No helicopter required: Parents finding positive ways to support college students

Published: Saturday, May 3 2014 5:15 p.m. MDT

Amanda Mills and Rachel Kissel, creative writing students at Southern Utah University, do research for writing projects at the Cedar City public library.

McKenzie Romero, Deseret News

CEDAR CITY — When Amanda Mills decided she wanted to go abroad this summer to study German, her mother told her she loved the idea.

But first, the English major from Syracuse needed to budget her expenses and figure out a way to pay for the trip herself.

"She told me, 'Go figure it out, do a financial consideration, and you can tell me what you come up with,'" said Mills, a junior honors student at Southern Utah University. "If you have to work for something yourself, it means infinitely more."

Mills called her mother often as she researched cost of living expenses for the places she would visit, compared prices on plane tickets, applied for any applicable scholarships she could find and got a summer job.

When she realized she could, in fact, fund the trip herself with little debt, she began to cry. Then she presented the idea to her parents.

The Millses have sought a balance between being supportive yet allowing their college-age children to be responsible for themselves, which they say keeps them away from "helicopter parenting" and has helped their older children develop independence.

Mills will spend three weeks in Vienna in May, followed by a summer working in Cedar City and a semester in Newfoundland, Canada, through the National Student Exchange. She is responsible for making her own plans and is paying for the trip herself.

"I thought, 'I need this experience,'" said Mills, who intends to compose either a short story or one-act play based on her trip. "I'm a creative writer, so I want to see new things. I want that experience of being lost. I want all of this so I can write what I know."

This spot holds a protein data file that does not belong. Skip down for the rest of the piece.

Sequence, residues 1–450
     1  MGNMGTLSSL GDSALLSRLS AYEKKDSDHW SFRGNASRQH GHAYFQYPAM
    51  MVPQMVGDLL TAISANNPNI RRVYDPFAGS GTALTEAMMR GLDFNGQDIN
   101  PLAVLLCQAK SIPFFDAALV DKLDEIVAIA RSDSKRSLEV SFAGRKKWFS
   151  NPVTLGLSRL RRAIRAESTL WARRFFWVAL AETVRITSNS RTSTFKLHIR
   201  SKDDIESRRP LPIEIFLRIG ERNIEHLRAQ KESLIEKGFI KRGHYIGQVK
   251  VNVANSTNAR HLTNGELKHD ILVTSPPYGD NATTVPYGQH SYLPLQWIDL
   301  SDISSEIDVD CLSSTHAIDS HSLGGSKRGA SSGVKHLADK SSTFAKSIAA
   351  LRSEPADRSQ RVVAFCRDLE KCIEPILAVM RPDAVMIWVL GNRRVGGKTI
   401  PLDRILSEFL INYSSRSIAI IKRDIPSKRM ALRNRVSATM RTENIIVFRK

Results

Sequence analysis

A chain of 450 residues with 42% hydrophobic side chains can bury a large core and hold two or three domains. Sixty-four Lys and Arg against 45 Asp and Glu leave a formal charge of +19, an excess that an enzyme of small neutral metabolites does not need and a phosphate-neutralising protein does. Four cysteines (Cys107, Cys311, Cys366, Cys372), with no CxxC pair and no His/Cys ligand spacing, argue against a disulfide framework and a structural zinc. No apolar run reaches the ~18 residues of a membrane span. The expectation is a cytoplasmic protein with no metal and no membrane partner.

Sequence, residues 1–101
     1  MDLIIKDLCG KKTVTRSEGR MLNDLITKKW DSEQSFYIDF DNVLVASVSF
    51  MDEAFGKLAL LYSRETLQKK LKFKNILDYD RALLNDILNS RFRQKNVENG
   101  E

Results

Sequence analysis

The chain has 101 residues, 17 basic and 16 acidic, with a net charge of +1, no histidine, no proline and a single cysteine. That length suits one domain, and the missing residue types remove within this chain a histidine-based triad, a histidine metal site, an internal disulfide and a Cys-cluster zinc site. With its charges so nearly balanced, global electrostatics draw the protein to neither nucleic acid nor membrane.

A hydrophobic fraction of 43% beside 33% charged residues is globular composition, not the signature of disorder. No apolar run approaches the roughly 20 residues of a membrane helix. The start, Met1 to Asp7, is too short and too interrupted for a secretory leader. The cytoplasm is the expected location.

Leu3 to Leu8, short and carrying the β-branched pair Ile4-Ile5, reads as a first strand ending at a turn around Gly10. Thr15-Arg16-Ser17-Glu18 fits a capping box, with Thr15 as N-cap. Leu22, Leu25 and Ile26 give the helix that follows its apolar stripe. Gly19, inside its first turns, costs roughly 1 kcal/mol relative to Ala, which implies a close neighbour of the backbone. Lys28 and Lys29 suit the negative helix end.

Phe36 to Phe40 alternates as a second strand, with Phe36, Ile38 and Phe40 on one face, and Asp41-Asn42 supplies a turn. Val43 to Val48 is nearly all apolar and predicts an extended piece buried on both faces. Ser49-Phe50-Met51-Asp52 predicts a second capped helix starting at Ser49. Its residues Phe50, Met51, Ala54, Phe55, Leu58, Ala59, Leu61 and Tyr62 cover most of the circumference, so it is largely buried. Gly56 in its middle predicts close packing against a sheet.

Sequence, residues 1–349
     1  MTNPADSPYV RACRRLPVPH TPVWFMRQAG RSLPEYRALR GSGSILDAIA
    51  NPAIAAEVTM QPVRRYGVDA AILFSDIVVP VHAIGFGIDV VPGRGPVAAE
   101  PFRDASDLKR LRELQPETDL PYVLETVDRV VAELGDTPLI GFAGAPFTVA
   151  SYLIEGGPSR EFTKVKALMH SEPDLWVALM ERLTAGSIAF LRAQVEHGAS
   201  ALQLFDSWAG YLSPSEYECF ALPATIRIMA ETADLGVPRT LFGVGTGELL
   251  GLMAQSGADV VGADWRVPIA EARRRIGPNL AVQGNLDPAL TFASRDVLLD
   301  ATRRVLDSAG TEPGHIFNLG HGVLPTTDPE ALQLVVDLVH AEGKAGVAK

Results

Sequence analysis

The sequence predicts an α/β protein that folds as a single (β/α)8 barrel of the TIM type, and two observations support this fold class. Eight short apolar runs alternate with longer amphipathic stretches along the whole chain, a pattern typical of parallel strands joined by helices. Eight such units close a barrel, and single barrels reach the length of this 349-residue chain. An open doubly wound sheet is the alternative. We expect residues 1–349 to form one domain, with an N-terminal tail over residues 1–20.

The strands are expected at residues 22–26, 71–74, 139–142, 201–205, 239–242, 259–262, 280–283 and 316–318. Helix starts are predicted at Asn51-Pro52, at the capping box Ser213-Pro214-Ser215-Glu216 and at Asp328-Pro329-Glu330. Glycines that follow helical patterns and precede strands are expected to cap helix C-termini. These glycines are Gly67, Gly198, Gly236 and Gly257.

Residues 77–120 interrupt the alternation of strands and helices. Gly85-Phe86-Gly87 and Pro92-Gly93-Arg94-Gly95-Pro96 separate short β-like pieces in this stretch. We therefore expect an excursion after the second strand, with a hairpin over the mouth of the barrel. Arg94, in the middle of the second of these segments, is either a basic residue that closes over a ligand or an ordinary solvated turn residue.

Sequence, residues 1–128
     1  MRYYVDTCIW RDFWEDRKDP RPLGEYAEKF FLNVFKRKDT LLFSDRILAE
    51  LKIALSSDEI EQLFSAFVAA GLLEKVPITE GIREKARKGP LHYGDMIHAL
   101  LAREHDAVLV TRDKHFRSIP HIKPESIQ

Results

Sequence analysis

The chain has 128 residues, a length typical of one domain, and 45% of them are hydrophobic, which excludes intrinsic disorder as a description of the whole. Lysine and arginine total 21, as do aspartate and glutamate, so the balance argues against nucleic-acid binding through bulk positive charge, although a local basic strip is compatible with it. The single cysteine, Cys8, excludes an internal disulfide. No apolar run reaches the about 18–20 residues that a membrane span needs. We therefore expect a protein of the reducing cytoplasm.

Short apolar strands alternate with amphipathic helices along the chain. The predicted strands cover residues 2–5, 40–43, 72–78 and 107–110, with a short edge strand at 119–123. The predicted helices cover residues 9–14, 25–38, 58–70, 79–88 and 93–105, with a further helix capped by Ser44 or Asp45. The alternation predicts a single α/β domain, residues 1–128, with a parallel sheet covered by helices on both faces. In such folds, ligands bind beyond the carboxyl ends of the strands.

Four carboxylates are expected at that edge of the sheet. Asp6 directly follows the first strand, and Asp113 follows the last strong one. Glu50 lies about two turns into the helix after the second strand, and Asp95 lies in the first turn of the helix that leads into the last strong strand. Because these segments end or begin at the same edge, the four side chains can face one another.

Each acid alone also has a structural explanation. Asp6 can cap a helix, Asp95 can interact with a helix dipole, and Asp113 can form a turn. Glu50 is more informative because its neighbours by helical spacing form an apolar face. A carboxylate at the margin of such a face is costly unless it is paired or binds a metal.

Cosette Mills, Amanda's mother, has stood by proudly as her youngest of four children and only daughter has planned the trip. She is quick to offer advice when Amanda calls home but is careful to leave the final decision in Amanda's hands.

"I didn't exactly give her a list. I just helped her think through the questions," Cosette Mills said. "I let it be her call. … It's been kind of a fun journey to watch her do the exploration and have the courage for this."

But staying involved in her children's lives while still allowing them to be independent hasn't always been easy, she said.

"I'm certainly parenting Amanda differently in college than I did my oldest son. There's no question I was in the 'helicopter parent' mode," Mills said. "I've found I can't own the choices they make, like if they're staying up until midnight or 1 or 2 a.m., or if they're working on their papers the last day or not planning the semester well. I had to get to a point where I consciously said, 'This is their choice.'"

A 2013 study published in the Journal of Child and Family Studies reaffirmed the growing concern that over-parenting hinders development in adult children.

College students who experience inappropriate levels of parenting for their age, such as parents monitoring whom their children spend time with or contacting their instructors on their behalf, experience higher levels of depression and decreased satisfaction with life, according to the study.

All four of the Millses' children went away to college, something Cosette Mills was nervous about at first but appreciated later as she saw how they matured. The kids insisted their parents learn to text message to make it easy to stay in touch, and Cosette Mills made sure she knew which classes they were taking so she could ask how each one was going.

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